WASHINGTON — The Jorge Santos saga may soon end on Capitol Hill, although his legal troubles will continue into 2024.
As soon as this week, the House could vote to expel an accused New York Republican lawmaker Blisters Ethics Committee Report She used her campaign funds for personal expenses, including rent, trips, luxury goods, cosmetic treatments like Botox, and a subscription to the adult content site Only Fans.
The report also found that Santos defrauded his donors and knowingly filed false campaign finance reports. (Santos blasted the report as “biased” and pleaded not guilty to the federal charges against him).
Ethics Chairman Michael Guest, R-Miss., had filed a resolution before the Thanksgiving break to expel Santos from Congress. When the House returns on Tuesday, the House can force a vote on its resolution later in the week.
“The scale of fraud and abuse is unprecedented. We’ve never seen it before,” Guest said on Monday. Superdog Mississippi Radio Network. “Given the scale of the conduct, I believe eviction is an appropriate remedy.”
Earlier this month, Santos narrowly escaped an attempt by his fellow New York Republicans to oust him from office. But now, following a scathing ethics report released on November 16, many of those who voted Santos deserved due process say they will now vote to oust him.
Although two-thirds of the entire House is required to expel a member, Santos himself has admitted that his days in Congress are numbered. In a long, aggressive online rant on Friday, the first-term lawmaker predicted he would become the sixth person in history to be kicked out of the House of Representatives.
“I knew I was going to be fired when this eviction resolution went to the floor,” Santos said during a three-hour appearance on X Space. “I did the math over and over and it wasn’t good.”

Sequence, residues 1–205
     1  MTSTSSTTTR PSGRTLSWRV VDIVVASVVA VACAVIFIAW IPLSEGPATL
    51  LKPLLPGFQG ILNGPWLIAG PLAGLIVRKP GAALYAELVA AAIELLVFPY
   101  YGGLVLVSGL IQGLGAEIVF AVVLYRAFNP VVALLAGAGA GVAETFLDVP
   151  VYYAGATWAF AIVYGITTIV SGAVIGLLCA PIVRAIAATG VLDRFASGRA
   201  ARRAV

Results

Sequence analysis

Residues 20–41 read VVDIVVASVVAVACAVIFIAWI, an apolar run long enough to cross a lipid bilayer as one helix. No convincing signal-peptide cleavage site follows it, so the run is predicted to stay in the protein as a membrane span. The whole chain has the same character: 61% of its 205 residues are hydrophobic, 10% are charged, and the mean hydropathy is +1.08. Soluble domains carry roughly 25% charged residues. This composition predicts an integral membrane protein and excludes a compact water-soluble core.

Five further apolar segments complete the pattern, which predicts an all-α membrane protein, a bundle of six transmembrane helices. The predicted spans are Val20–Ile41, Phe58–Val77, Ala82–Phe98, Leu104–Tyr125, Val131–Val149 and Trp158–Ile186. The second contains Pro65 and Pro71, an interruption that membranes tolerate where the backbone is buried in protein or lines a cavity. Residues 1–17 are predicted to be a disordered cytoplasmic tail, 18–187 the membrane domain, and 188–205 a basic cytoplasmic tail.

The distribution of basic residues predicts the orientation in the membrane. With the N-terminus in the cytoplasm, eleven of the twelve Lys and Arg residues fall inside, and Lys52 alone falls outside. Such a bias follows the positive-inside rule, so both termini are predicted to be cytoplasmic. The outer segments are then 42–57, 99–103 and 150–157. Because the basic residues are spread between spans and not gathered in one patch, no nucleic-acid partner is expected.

If Santos is successfully ousted, it would trigger a special election for his contested, Long Island-based seat — one of 18 House districts carried by Joe Biden in 2020 that are now represented by Republicans. New York law requires Gov. Kathy Hochul to issue a notice calling for a special election within 10 days of the vacancy, and the election must be held 70 to 80 days after Hochul’s action.
This is a great opportunity for Democrats. Last year, when Santos won by nearly 8 percentage points, The Cook Political Report with Amy Walter rates the race as “lean Democratic.”
And more immediately, Santos’ expected exit would cut Republicans to 220-213 over Democrats, handing new Speaker Mike Johnson, R-La., less wiggle room to pass legislation when it comes to matters such as the GOP’s absence. deviations. On top of that, there’s continued talk that former Speaker Kevin McCarthy, R-Calif., may resign in the midterms, even if he quashes those rumors.
During Santos’ short time in Washington, drama followed him everywhere. This week will be no different. On Tuesday morning, members of the progressive group MoveOn Political Action will greet returning lawmakers on Capitol Hill with a 15-foot inflatable effigy of Santos calling for his resignation.
In the radio interview, the guest did not discuss the timing of the eviction vote. Speaking to reporters in Sarasota, Florida, Johnson said it remains to be seen if the expulsion vote will happen this week.
“I spent some time with Congressman Santos over the holidays and talked to him about his options,” Johnson said. “But we’ll have to see. That hasn’t been decided yet.”
Expulsion from Congress is very rare. Three of the five members were expelled for disloyalty for fighting for the Confederacy during the Civil War. Two others — Reps. Michael Myers, D-Pa., and James Traficant, D-Ohio — were expelled after being convicted of federal crimes in 1980 and 2002, respectively.
The Justice Department has charged Santos with multiple federal counts including identity theft, money laundering and theft of public funds. He is scheduled to appear for trial in September.
Santos and others argued that ousting him at this time would break precedent — he would be removed from office before he is found innocent or guilty.
“I will stand up for the eviction,” Santos told X Space. “I want to see them set this precedent because this precedent sets a new era.
“You want me out? I’ll wear it as a badge of honor,” Santos said, adding: “I’m with the madness of this place.”